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Zopf: Pride plays big role in rivalries
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This may be stating the obvious, but there’s nothing quite like a good, old-fashioned rivalry.

The list of the best rivalries in sports probably goes something like this: Yankees/Red Sox, Duke/North Carolina, Ohio State/Michigan and Georgia/Florida. But great rivalries don’t just exist in the collegiate and professional ranks, and here in Hall County, we have one of the best high school rivalries around in Gainesville/North Hall.

It’s no secret that these two schools and their respective athletic programs don’t like each other. You can see that any time the two meet up in football, basketball, soccer or baseball. Heck, these two could probably compete in an exhibition kickball game and the stands would be filled with fans hoping that their side comes out on top.

I was fortunate to witness the Gainesville/North Hall rivalry during football season, which turned out exactly like everyone thought it would: Big Red rolled in a game that was pretty much over before it started.

Last week, I was also fortunate to witness the rivalry play out on the baseball diamond, and like the football game, Gainesville entered the game as an overwhelming favorite.

Apparently, no one told the Trojans.

Down by three runs early, North Hall battled back to score five runs in the bottom of the third inning to put Gainesville on its heels. The Trojans didn’t care that they were coming off back-to-back losses where they surrendered 12 or more runs, or that Gainesville had scored 16 or more runs in its last two games.

None of that matters when you play your rival. What does matter is pride; pride that can sometimes lead you to an upset win, a stunning comeback, or just to actually make a game of it.

Sure, Gainesville came back to win the game in the top of the seventh, but the pride that lies inside all of the North Hall players made sure that their hated rivals earned the win.

What made Wednesday’s game (and outcome) even more interesting was the fact that one of North Hall’s former stars actually led Gainesville to victory.

K.J. McAllister, who played three years at North Hall before transferring to Gainesville, recorded a program-best six stolen bases and scored the game-winning run. After the game, McAllister said that playing his former team had no impact on his “getting up” for the game, and that playing North Hall was just like playing any other region opponent.

This might be cynical, but I don’t believe it. And before the entire Gainesville and North Hall communities flood my inbox with their opinions of the subject, I have to let you in on a little secret: I really don’t care about transfers and move-ins and all that other garbage. That’s not what this is about.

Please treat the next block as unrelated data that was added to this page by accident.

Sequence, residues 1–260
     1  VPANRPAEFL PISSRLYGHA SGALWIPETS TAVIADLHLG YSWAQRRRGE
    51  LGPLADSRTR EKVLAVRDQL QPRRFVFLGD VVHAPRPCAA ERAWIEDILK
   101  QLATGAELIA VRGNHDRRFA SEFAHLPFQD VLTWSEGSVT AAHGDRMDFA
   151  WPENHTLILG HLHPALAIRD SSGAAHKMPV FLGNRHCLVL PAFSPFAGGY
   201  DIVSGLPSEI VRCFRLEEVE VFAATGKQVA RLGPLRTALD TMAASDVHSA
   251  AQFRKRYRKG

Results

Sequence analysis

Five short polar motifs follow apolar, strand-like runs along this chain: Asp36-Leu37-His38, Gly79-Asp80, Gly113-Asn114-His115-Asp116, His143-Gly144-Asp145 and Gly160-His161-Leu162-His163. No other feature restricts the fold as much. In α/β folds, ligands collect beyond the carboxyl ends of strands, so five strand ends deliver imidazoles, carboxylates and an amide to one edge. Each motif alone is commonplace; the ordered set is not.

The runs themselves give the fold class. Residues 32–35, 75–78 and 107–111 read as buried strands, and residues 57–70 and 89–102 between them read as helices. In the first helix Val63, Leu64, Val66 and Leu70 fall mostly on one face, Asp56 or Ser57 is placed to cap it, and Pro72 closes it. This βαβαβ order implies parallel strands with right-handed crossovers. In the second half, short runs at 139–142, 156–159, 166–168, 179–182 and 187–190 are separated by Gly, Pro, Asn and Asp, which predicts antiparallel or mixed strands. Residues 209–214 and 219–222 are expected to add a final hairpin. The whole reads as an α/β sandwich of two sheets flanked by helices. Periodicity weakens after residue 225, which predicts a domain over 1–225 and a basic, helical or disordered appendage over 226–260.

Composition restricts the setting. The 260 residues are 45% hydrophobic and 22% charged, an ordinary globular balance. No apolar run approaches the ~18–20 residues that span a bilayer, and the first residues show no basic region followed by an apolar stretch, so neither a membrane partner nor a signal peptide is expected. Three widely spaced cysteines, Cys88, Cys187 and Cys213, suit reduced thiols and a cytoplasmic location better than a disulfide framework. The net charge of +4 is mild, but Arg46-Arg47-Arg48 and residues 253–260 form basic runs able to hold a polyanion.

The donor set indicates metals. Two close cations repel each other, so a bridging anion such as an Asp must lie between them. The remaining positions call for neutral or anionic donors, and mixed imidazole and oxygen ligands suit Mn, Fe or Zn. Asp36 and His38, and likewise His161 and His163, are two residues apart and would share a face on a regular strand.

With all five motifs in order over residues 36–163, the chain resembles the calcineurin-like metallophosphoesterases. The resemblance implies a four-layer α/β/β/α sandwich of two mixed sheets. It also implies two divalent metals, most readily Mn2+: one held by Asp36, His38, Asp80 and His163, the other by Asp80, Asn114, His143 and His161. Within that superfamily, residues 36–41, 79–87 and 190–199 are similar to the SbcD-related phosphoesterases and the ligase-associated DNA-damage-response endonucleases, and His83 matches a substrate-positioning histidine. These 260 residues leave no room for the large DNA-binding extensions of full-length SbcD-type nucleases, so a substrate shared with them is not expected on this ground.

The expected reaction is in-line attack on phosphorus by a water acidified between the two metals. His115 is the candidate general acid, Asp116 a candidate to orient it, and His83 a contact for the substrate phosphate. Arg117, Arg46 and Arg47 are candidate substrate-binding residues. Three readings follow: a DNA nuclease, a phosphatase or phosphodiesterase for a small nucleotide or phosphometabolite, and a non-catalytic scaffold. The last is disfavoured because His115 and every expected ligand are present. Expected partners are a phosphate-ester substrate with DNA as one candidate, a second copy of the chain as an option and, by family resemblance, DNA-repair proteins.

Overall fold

What it is about is the aforementioned pride. The pride that North Hall used to make the game interesting was equally present in Gainesville’s dugout, and especially with McAllister.

I know that he said that playing his former team wasn’t a big deal, but I also know that I have seen players rise to the occasion when competing against their former teams.

The prime example for me is Johnny Damon, who I absolutely loathed when he was the beard-wearing, free-spirited centerfielder for the Boston Red Sox. But my hatred for Damon paled in comparison to the Red Sox fans disdain for him once he signed with the Yankees.

Donning the pinstripes, Damon played with the same laid-back approach and constantly came through with timely hits, especially against his former team. And he did so under a constant barrage of negativity from his former fans.  They held up signs that called him “Judas,” and said that he “looked like Jesus, but threw like Mary.”

Of course, what Damon went through when he travelled to Boston is on a completely different level than what McAllister had to go through. But that doesn’t mean that McAllister didn’t feel some animosity.

Snide remarks were made and chants of “North Hall reject” were shouted, but did that phase McAllister? No. Actually, it probably motivated him.

I’m not one to try and get inside the head of a high school athlete, but as a fan and former player, I know for a fact that there are two types of players: the ones who use the disparaging remarks as a distraction, and the ones who use it to shut everyone up.
If you were at that game Wednesday, you know in which category McAllister resides.

He quieted the naysayers with every stolen base, every play he made in the field and every run he scored. And as he crossed the plate to score the game-winning run, not a sound could be heard from the North Hall faithful.

Those fans might have been the ones with all the jokes, but McAllister was the one who got the last laugh. And that performance just added fuel to the already heated rivalry between Gainesville and North Hall.

If all that happened in a non-contact sport, I can’t wait to see what transpires when these two schools meet on the soccer field later this week.

Jonathan Zopf is a sports writer for The Times. Contact him at
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